When it comes to food allergies, U.S. ingredient lists offer a false sense of security. While eight major foods (milk, eggs, fish and shellfish, tree nuts, peanuts, wheat, and soy) are estimated to account for 90% of all allergic reactions, some food additives have become so common that theyíre beginning to account for more and more food allergies.
Many of these donít need to be clearly labeled at all, and some of them are simply so difficult to identify that you may not even know what to look for when reading ingredient lists. Here are four food allergies that are becoming increasingly common, so much so that you may not be able to protect yourself from simply by reading food labels.
1. Spices – Spice allergies are estimated to account for about 2% food allergies — although some allergists believe the difficulty of diagnosing this condition means the real numbers are higher. People can react to just about any spice used in cooking, including kitchen staples like garlic, coriander, cumin, and paprika. Unfortunately, in many prepared and packaged foods, specific spices arenít listed as ingredients — and many restaurants wonít list spices on the menu.
The kitchen isnít the only place you need to watch out if you have a spice allergy; many cosmetics, particularly natural cosmetics, use botanical ingredients which can cause skin reactions as well. In fact, for this reason, spice allergies are more often seen in women than in men. They often have had more lifetime exposure to potential allergens.
2. Corn -† No one is sure exactly how many people suffer from corn allergy, but one study of self-reported reactions estimates it may be has high as 2%. Corn allergies are notoriously difficult to manage due to the fact that corn derivatives are used in many packaged foods — and can be labeled with some pretty confusing names. Corn products are also widely used in prescription and OTC drugs as a filler or binder and are increasingly being used in biofuels and bioplastics.
3. Seeds – While still not considered a major allergen in the U.S., reactions to sesame, poppy, sunflower and even mustard seeds are on the rise. Sesame is actually considered one of the top allergens in several other countries, including Canada, Israel and parts of Europe. The risk of seed allergies is heightened in people who already have an existing allergy to tree nuts. Sesame in particular can be found in many unexpected places, like cosmetics and in many foods.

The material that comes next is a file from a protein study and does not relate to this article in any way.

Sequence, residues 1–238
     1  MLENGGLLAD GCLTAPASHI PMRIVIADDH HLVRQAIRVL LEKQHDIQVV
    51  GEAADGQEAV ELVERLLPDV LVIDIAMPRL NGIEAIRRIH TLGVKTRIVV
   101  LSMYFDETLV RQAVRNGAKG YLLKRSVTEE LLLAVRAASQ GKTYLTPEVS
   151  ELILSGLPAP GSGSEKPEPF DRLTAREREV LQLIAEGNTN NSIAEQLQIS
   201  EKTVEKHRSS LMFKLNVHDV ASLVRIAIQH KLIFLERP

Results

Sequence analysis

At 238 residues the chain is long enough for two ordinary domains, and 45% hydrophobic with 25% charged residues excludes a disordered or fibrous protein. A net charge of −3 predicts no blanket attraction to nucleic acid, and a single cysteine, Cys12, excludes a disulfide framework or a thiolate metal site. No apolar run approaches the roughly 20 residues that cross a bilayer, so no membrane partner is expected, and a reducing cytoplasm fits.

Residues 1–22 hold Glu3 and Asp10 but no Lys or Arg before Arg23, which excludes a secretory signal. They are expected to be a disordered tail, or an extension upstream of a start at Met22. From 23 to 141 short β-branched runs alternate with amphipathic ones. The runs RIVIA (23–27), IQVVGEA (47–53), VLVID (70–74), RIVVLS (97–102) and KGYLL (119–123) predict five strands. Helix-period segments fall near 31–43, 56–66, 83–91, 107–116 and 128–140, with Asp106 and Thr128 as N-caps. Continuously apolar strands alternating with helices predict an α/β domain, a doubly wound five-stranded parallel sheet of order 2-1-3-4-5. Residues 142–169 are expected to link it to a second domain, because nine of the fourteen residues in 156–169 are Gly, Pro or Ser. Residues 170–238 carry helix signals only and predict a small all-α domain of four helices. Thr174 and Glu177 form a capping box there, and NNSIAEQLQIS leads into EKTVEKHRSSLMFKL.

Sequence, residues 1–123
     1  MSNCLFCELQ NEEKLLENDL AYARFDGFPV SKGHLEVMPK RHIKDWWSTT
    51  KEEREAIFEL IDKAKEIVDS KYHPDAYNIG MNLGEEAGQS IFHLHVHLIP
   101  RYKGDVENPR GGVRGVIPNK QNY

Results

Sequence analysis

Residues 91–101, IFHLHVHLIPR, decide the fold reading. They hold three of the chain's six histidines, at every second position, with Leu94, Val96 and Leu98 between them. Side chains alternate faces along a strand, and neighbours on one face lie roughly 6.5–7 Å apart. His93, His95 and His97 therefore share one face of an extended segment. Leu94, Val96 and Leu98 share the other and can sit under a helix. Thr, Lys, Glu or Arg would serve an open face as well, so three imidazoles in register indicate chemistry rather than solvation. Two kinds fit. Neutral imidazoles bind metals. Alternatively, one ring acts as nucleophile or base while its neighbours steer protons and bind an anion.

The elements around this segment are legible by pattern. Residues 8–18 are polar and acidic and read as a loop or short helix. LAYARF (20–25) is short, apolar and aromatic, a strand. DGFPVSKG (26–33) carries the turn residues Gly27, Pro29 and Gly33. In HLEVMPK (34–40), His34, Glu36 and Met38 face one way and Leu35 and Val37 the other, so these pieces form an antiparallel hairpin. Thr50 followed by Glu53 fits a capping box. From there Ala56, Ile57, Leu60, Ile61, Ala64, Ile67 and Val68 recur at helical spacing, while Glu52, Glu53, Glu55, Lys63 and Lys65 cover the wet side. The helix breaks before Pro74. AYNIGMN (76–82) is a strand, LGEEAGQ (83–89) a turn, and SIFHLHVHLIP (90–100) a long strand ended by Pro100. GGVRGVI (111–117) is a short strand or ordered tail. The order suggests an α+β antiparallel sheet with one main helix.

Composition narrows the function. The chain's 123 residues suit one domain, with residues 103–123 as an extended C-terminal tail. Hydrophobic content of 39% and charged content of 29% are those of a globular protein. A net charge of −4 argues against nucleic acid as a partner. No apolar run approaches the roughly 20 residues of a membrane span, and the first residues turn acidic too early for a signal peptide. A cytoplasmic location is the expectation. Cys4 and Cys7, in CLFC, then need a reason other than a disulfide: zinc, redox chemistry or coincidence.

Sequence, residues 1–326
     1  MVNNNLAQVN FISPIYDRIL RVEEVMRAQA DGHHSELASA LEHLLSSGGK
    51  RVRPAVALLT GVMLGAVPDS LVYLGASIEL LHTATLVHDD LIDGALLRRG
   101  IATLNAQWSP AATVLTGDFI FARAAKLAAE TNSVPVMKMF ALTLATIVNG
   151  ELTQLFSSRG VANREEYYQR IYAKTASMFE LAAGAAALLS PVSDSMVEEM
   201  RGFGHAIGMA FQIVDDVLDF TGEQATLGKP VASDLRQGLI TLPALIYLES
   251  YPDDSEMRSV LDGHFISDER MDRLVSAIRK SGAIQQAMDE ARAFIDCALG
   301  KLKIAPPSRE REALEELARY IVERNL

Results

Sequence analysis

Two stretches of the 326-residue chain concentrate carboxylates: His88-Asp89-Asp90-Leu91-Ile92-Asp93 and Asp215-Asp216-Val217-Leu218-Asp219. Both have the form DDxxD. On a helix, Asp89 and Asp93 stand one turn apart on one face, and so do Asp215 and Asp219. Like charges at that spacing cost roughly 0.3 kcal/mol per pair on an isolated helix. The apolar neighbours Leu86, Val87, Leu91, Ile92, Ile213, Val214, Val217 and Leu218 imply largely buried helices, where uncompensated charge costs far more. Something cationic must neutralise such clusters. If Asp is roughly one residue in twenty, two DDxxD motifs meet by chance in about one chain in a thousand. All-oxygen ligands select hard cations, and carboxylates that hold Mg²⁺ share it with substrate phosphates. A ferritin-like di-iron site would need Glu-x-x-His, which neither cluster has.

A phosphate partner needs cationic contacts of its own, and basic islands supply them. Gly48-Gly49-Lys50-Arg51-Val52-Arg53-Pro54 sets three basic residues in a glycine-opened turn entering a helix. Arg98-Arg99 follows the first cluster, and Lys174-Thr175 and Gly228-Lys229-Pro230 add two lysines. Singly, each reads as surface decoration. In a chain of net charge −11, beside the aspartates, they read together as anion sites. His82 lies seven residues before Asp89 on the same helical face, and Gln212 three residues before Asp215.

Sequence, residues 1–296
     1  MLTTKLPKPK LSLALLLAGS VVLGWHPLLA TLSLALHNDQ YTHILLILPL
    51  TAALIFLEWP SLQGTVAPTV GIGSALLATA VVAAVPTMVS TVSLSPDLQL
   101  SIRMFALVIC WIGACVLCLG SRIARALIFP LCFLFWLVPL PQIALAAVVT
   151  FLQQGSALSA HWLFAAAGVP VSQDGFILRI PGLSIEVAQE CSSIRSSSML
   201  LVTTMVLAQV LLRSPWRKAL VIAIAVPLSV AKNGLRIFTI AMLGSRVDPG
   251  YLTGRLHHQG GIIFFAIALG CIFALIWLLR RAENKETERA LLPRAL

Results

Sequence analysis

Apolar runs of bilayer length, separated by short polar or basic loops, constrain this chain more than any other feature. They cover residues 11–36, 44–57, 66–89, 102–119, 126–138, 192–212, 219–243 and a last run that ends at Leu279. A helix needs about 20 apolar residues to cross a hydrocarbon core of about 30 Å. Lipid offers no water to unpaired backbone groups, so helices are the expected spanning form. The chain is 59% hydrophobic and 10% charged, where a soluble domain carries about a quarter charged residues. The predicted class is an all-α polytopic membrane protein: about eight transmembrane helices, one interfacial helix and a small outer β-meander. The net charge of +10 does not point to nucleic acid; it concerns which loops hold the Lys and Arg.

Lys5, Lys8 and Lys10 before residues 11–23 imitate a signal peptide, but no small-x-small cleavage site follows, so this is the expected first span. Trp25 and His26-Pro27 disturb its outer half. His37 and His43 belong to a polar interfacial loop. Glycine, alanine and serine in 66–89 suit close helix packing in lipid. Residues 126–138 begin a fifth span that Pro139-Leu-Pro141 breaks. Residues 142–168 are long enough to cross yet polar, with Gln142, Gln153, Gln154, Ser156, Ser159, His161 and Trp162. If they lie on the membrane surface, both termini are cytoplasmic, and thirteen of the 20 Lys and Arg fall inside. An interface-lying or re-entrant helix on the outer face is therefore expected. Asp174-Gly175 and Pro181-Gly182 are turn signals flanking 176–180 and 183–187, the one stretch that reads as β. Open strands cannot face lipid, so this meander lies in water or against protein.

4. Preservatives – Itís also possible to be allergic to common preservatives found in packaged foods. Unfortunately, itís very difficult to test for reactions to preservatives. Usually the culprit is identified through a process of elimination — for instance, when the same food prepared fresh at home causes no problems, but a reaction occurs eating the same dish from a restaurant. If an allergist canít identify the specific allergen, the only solution may be to avoid processed foods entirely. (Even some fresh, unpackaged foods may be exposed to preservatives to extend their shelf life.) Current research suggests that about 1% of adults and 2% of children are allergic to common food preservatives. One class of preservatives, sulfites (which occur in wine, cured meats, and some dried fruits), is also known to exacerbate asthma symptoms in some people.
5. Food Coloring – Another increasingly common allergy is to the dyes used in packaged food. The dyes tartrazine, carmine, annatto, and saffron have all been reported as causes of severe allergic reactions in some people. Many other food colorings may also be potential allergens, although the ones Iíve listed are the most common. Natural food coloring seems to be just as potentially allergenic as artificial dyes.
If you find yourself having unexplained reactions to packaged or prepared foods (but no issues with food made from scratch), you may have an allergy or intolerance to one of these common food additives. Talk to your doctor about testing to uncover which of these common substances may be giving you trouble.
Photo credit: Pink Sherbet Photography via Flickr